The joy of roundabouts might draw the comment that you should probably think about “getting a life!” if you derive joy from so mundane a traffic function. However, they do considerably improve traffic flow and reduce accidents compared with regular traffic intersections. So, we should feel a little less concerned if we draw joy from them.

     Much to my surprise when I started investigating the topic for this blog, the origins of the traffic roundabout appear to be the design of Pierre L’Enfant for Dupont Circle in Washington DC in the 1790s. However, the idea didn’t catch on too well in the U.S. They seemed to prefer stop signs and traffic lights.

     The first modern roundabout was built in northern England in 1907. This, if you think about it, was obviously driven by the advent of the motor car. Horses didn’t really need that much traffic control except, maybe in the centers of large cities.

     The UK was the first country to standardize roundabouts and how they operate. The US version came with the regulation that vehicles on the roundabout had to give way to those entering the roundabout. If you think about it, that’s a predictable log jam once any sort of volume uses the roundabout. Waiting to enter the roundabout creates far less congestion than waiting on the roundabout. The UK found that this simple design, together with the “yield” regulation, created a 10% increase in throughput and a 40% reduction in accidents on intersections. As one expert noted, in a 4-way stop situation, you have to worry about vehicles that could hit you coming from three different directions whereas, on a roundabout, you only have to worry about one vehicle from one direction.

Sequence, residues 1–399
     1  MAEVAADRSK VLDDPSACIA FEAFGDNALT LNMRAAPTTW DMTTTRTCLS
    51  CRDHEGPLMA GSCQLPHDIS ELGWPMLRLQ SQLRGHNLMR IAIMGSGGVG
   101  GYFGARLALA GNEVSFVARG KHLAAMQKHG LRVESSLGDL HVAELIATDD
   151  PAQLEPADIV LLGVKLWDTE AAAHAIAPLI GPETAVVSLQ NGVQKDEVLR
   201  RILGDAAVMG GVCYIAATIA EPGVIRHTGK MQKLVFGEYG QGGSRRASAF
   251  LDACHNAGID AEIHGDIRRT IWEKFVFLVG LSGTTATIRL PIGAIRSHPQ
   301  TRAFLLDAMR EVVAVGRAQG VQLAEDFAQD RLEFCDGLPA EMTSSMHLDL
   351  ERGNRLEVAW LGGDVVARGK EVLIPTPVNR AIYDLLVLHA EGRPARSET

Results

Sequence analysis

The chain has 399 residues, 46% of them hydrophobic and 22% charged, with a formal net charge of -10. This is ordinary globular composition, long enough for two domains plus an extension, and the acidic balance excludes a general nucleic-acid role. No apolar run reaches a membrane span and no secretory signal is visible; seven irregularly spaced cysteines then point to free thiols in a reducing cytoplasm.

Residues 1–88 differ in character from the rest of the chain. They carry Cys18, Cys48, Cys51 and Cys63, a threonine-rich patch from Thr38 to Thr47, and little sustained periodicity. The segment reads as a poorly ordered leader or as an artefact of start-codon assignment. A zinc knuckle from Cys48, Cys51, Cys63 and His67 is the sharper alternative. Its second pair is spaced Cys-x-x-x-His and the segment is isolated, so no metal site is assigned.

There are other advantages as well. Roundabouts eliminate the possibilities of head-on collisions and T-Bone collisions. They eliminate the costs of purchase, installation and maintenance of traffic lights. They also permit the execution of U-Turns without endangering anyone. Altogether, a far better concept provided the driving public is disciplined enough to follow the “yield” concept.

     After the UK standardization exercise in 1966, countries seemed to fall over themselves to build roundabouts. By 1990, France was building 1,000 roundabouts a year. The Netherlands, in the 1980s alone, build 400 roundabouts in six years. Again, to my surprise, and because most Americans I have met have little idea of what a roundabout is, apart from the fact that they don’t seem to like them, by 2014, the US boasted 10,341 roundabouts. But, then, it’s a big country.

     This blog was prompted by an article in the Economist about the development of the town of Carmel, Indiana. One politician, Jim Brainard, decided in 1995, when he was running for mayor, to study urban planning. He walked around a large number of his future neighborhoods and asked questions. He discovered that people wanted things closer. They didn’t want to drive for miles for a pint of milk. They wanted to walk and wanted to see their neighbors. Large, single-family, lots virtually eliminated that possibility, so he decided, virtually single-handedly, to change his city. Underground parking, high-rise buildings and roundabouts, among other ideas meant less miles of road, and more compact communities that could receive better and more efficient services.

     Roundabouts have allowed Carmel to grow without needing to widen roads. In a few places, they have even allowed them to be narrowed. The city’s road death-rate is one fifth of the national average and roundabouts have allowed the city to shrink the main thoroughfare through the center from five lanes to two lanes.

     The city now has 145 roundabouts. Mt Brainard has stated that “sprawl kills cities” and roundabouts have helped him prove that to be true.

     We should definitely celebrate the lowly roundabout and get rid of the menace and costs of Stop Signs and Traffic Lights where they are not at all necessary.

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